Tisha b'Av, Jewish tradition's communal day of mourning, is coming soon.
It usually feels disjunctive to take Tisha b'Av's deep dive into grief and exile in the midst of the summer, the season I love most in the year. Many years it takes some intention and some spiritual work to connect with loss and destruction at this time of year. But this year is different. This whole pandemic year feels to me like Tisha b'Av.
On Tisha b'Av we mourn brokenness on a spiritual level: tradition says this is the date when Moses shattered the first set of tablets of covenant, enraged by the people's worship of the golden calf. We mourn brokenness on a historical level: on this date the first Temple was destroyed by Babylon, and the second Temple was destroyed by Rome, and the Crusades began, and the expulsion from the Warsaw Ghetto, and other tragedies besides. And we mourn brokenness in our own day: including, this year, the profound suffering caused by coronavirus... refracted through human prejudices that have enabled over 145,000 deaths in our nation alone, most of them people of color, and 618,000 deaths around the world.
That's so far, as of this writing. Those numbers will continue to grow.
I wrote to my synagogue community this year that "the fall of the Temples may feel like ancient history -- but with our beloved building closed, we may feel a new resonance with our ancestors who could no longer gather together in prayer. The hatreds that led to our many historical traumas may feel like ancient history -- but prejudice, including antisemitism and racism, still festers. There is so much to mourn. And tradition regards this day of mourning as the springboard into the spiritual uplift of the journey through the Days of Awe. We have to feel what's broken in order to rise up from it..."
This year we'll observe Tisha b'Av at my shul in two ways. On the eve of Tisha b'Av we'll gather -- socially-distanced and masked -- at the labyrinth outside of the closed synagogue building. In silent meditation we'll walk the labyrinth, slowly, allowing ourselves to feel the grief that comes with our building being closed and our community being scattered to our separate homes for safety's sake. Because the pandemic renders singing in person unsafe, we'll hear a recording of Eicha (Lamentations) as we walk in silence. The psalmist asked how he could sing God's song in a strange land, but in this pandemic moment we can't sing together at all. It's another loss in a year of so many losses, and it's one that hits me personally in a painful way.
And late in the day on Tisha b'Av, we'll gather over Zoom for a conversation about racial justice. Tradition says that moshiach -- the messiah, or the transformative energy of hope -- will enter the world on the afternoon of Tisha b'Av. On the year's darkest day, the seeds of hope for change begin to sprout. We'll connect with that energy by coming together on Zoom to discuss a pair of NPR interviews from On Being with Krista Tippett (one with Resmaa Menakem, one with Resmaa Menakem and Robin DiAngelo) that folks can listen to in advance. And we'll talk about the work of teshuvah (repentance / repair) and the spiritual work that dismantling racism calls us to do.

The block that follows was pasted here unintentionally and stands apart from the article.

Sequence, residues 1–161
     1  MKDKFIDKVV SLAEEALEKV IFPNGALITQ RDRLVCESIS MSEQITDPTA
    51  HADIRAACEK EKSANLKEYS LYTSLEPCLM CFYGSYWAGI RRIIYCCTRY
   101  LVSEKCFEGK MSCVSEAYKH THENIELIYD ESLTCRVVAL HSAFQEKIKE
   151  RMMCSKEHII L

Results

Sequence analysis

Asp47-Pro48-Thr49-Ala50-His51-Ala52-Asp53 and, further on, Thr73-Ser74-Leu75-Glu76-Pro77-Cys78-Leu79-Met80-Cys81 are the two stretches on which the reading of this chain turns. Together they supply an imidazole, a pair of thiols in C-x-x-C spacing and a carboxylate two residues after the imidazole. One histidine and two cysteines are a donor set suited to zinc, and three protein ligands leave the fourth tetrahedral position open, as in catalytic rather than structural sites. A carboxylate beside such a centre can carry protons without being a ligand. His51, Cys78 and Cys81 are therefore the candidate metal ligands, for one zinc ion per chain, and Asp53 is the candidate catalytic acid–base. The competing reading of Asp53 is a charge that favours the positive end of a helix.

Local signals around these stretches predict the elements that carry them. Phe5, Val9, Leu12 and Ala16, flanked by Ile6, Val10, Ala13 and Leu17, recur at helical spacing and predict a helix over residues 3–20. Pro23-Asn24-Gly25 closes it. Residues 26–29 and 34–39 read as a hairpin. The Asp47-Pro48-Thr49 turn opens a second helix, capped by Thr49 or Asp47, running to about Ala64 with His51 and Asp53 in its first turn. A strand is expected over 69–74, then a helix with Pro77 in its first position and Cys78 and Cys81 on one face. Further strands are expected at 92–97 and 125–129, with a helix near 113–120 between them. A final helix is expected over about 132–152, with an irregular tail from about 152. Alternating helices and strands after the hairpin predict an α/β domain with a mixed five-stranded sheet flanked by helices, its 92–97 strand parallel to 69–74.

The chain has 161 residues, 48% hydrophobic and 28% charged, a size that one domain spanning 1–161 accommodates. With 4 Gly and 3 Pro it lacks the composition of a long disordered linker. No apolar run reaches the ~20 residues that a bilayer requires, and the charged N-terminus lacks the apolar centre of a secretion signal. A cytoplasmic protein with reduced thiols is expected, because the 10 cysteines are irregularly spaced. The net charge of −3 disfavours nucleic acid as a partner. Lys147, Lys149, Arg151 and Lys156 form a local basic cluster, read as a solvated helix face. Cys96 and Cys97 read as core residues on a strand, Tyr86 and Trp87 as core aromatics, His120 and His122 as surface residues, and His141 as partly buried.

I'm finding it difficult to face Tisha b'Av this year, in part because every time I read the newspaper feels like Tisha b'Av. There's mourning and grief and loss everywhere I look. Hospitals over-filled. Not enough respirators or PPE. The covid-19 pandemic spreading like wildfire. The murders of George Floyd and Breonna Taylor and Ahmaud Arbery and so many more. Increased awareness (among white people like me) of racism and how horrific and insidious it is. The realities that the pandemic disproportionately kills people of color and that police disproportionately kill people of color and that our world is set up to disproportionately kill people of color and that in my own unconscious racism I have been content to ignore those things.
What I take from the teaching that moshiach is born late in the day on Tisha b'Av is that in our time of greatest grief we can (we must) find seeds of transformation. We have to find the seeds of something better in this awful year, and we need to water them and uplift them and bring them to fruition. In that second On Being episode I linked above, Krista Tippett cites John Lewis z"l (may his memory be a blessing) and his idea that we need to work with what is, even as we hold in our hearts the dream of the "as-if," the world repaired, the world we want to be working toward. We have to work with what is, to be with what is, to learn about what is, and be working with toward a world repaired. A world redeemed. A world no longer broken as it is now.
It's almost unimaginable. But we have to imagine it. We have to work toward it. And the first step is resisting the impulse to turn away, resisting the impulse toward spiritual bypassing, and letting ourselves feel everything that hurts. It's Av: our time to mourn...and then our time to begin to rebuild.
Image: Destruction of the Temple by Francisco Hayez, overlaid with a mass covid-19 gravesite.